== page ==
Thursday, December 13, 2018

A Right to be Healthy

"Why should someone who doesn’t take care of their body get the same rate as someone who does?" - from discussion about health care on Facebook. Below is my response.
I wish we lived in a country where we had this kind of problem to solve, but we're so far from the point of rewarding self-care and preventative care that we're treating birth defects as if they're the baby's fault.
Until the Affordable Care Act was passed, insurance companies could simply refuse to provide coverage for people with preexisting conditions ranging from the category of conditions you're probably referring to (smoking leading to cancer, poor diet and exercise leading to diabetes or obesity) to congenital heart defects, scoliosis, FAS, or other genetic defects that a person can't do anything to prevent. Also in this spectrum is damage from accidents that are likewise not under a person's control. Even if they provided some coverage, they'd often either exclude coverage for symptoms they deemed to be caused by a preexisting condition or charge incredible amounts for coverage to the point where it's beyond most people's ability to pay.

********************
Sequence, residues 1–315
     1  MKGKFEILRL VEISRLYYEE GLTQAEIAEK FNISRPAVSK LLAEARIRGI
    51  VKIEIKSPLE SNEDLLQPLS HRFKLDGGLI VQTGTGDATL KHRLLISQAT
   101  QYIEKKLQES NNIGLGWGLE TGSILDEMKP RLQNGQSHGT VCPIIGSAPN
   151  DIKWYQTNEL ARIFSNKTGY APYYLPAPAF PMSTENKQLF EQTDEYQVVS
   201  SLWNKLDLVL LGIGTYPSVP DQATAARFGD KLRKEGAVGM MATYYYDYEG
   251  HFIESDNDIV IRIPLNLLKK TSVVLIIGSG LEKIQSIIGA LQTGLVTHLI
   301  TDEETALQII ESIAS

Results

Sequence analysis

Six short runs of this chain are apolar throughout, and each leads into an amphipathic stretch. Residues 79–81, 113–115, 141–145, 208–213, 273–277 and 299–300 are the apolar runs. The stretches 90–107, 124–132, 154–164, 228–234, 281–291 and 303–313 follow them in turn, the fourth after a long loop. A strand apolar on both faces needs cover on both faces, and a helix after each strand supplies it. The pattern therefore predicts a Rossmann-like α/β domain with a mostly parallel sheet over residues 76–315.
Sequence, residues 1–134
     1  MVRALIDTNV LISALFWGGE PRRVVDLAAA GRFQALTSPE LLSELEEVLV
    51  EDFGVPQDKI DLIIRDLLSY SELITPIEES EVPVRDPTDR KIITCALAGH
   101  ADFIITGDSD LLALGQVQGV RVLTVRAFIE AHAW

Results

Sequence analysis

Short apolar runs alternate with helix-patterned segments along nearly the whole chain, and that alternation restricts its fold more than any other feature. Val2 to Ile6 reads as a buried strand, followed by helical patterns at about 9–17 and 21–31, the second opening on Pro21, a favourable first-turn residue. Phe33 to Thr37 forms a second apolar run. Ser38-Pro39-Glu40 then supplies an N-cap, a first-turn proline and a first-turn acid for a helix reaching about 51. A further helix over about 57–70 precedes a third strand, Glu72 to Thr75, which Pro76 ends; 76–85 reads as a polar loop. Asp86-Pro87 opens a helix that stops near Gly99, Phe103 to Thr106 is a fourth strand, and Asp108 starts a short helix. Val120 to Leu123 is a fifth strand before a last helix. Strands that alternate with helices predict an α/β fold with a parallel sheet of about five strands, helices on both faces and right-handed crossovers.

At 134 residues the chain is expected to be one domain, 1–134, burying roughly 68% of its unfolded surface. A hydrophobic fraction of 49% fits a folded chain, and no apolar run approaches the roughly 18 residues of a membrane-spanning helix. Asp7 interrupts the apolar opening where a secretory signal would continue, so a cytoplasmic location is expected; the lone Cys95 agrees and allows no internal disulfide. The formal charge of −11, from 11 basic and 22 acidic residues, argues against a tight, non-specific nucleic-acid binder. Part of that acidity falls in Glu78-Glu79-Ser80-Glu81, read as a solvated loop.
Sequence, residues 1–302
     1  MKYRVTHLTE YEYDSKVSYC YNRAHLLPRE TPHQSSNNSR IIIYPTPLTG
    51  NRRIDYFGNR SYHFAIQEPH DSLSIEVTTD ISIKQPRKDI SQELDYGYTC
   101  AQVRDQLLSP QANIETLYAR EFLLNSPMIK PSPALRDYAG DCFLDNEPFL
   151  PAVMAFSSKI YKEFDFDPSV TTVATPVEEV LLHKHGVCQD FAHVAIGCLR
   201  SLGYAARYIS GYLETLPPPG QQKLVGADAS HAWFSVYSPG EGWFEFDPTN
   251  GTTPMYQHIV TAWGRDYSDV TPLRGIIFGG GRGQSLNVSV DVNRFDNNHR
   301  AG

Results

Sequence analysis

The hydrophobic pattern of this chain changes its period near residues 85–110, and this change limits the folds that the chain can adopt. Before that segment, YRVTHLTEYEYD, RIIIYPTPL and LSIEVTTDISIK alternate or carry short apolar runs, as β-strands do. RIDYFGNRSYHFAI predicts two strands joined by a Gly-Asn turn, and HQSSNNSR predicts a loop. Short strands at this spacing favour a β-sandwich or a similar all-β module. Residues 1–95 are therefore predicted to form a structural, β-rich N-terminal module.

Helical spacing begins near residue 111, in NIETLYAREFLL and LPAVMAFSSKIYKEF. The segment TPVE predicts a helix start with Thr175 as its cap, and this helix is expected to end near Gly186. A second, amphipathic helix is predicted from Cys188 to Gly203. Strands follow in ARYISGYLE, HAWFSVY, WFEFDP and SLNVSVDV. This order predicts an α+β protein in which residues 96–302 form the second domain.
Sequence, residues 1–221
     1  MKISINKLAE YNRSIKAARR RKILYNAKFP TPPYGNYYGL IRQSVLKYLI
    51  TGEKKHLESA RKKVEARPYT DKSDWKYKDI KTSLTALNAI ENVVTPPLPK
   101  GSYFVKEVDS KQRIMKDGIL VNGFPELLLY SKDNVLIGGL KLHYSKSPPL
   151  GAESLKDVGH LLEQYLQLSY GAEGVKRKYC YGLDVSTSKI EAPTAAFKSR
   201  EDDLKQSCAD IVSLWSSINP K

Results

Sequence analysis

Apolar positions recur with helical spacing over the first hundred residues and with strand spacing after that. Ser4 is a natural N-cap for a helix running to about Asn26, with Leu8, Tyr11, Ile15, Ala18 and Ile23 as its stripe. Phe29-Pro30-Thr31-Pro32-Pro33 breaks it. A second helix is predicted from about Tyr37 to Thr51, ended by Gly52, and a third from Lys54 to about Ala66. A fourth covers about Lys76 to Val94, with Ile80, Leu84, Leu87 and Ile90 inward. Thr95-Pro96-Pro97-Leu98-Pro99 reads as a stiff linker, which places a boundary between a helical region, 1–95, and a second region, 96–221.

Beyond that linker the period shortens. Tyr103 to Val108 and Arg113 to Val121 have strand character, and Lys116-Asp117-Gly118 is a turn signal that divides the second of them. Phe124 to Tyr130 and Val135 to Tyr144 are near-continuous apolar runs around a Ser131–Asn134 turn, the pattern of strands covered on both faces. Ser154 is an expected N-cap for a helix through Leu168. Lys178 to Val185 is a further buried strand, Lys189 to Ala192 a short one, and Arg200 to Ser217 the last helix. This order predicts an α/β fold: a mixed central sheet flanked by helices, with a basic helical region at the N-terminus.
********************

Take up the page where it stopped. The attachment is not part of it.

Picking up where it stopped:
The reality is there's no amount of self-care or personal responsibility that will prevent needing access to the most expensive and inefficient health care system in the industrialized world at some point in your life. The Affordable Care Act recognized this and moved us towards a system whereby the treatments are considered the same regardless of the causes, and prevented insurance companies from choosing who lives and who dies based on a profit motive.
It's a step in the right direction and the best we could get under the political circumstances at the time, but we need to go much further in order to truly take care of each other and make sure everyone has a right to be healthy.

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